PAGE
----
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Perhaps the House should be aware that, when the final humiliation came in 1992 —[ Interruption. ] Conservative Members do not believe that it was a humiliation. Well, 15 per cent. interest rates were a humiliation. When the final humiliation came in 1992, who was standing next to Lord Lamont, the then Chancellor of the Exchequer? It was none other than the principal economic adviser, who is now the Leader of the Opposition. The Conservative party cannot face up to the country’s challenges. The Conservatives cannot face up to those challenges if they go for tax cuts, spending rises and no discipline. They cannot face up to the big challenges on education and training. They cannot face up to the big challenges on poverty and dealing with public services. They cannot face up to the big challenges on skills and the innovative future that our economy needs. The only party that can face up to the challenges is the Labour party and this Government.

Hon. Members: More!

Mr. Deputy Speaker: Order. We must continue with the debate.

4.58 pm

Dr. Vincent Cable (Twickenham) (LD): I first wish to focus on the second paragraph of the Queen’s Speech, which is about economic stability, and then on two of the big long-term issues that have been presaged by Sir Nick Stern’s report on climate change and by the Turner report on pensions, both of which have given rise to two important Bills and, indeed, to long-term policy.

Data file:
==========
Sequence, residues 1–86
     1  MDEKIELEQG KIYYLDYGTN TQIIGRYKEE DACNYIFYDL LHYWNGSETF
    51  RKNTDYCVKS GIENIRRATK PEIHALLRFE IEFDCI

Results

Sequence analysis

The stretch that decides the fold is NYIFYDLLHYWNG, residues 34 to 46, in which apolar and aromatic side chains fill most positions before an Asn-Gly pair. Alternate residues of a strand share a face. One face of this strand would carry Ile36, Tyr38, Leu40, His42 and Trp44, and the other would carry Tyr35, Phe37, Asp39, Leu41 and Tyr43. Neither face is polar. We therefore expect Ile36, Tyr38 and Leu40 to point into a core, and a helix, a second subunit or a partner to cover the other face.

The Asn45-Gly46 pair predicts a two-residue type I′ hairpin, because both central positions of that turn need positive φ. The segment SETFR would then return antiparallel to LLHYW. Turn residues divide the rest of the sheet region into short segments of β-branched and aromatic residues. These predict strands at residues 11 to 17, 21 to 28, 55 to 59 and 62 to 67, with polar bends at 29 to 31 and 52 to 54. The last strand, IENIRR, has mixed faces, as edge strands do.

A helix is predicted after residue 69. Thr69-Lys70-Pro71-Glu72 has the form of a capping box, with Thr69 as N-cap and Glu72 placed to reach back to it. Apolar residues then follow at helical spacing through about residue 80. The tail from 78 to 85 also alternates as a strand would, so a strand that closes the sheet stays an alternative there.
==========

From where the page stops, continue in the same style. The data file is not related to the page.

When I made this speech last year, I started by congratulating the Conservative spokesman on having acceded to his new post. I note that he is receiving at least some good advice, because I see that quite a few of my policies and speeches appear in his after a short time lag. Most recently, my 10-point plan on debt reappeared as the Conservatives’ six-point plan on debt. I had been puzzled as to what was wrong with the other four points until I worked out that they all related to problems concerning mortgages and repossessions, which may be an area of policy over which the Conservatives wish to draw a veil.

My main point of difference with the shadow Chancellor at the moment relates to my lack of a sense of humour. I fail to appreciate what is hilarious about the Conservative website describing people who have got into debt as “feckless tossers”. I thought perhaps that, with my advancing years, the problem was that I had lost my schoolboy sense of humour. However, having tried the words out on various age cohorts including schoolboys, I realise that they do not see what is funny about them either.

As far as the Chancellor is concerned, I realise that the boxing metaphor is getting a little bit worn. He may recall in a way that is perhaps not terribly helpful to him that, before Lennox Lewis came along, British heavyweight boxers were notoriously ineffective. Indeed, they eventually earned the nickname of “horizontal heavyweights”. That is how they tended to appear on the canvas. However, after an hour of Punch and Judy politics, the Chancellor has shown a certain talent for that. Indeed, beating up Judy is something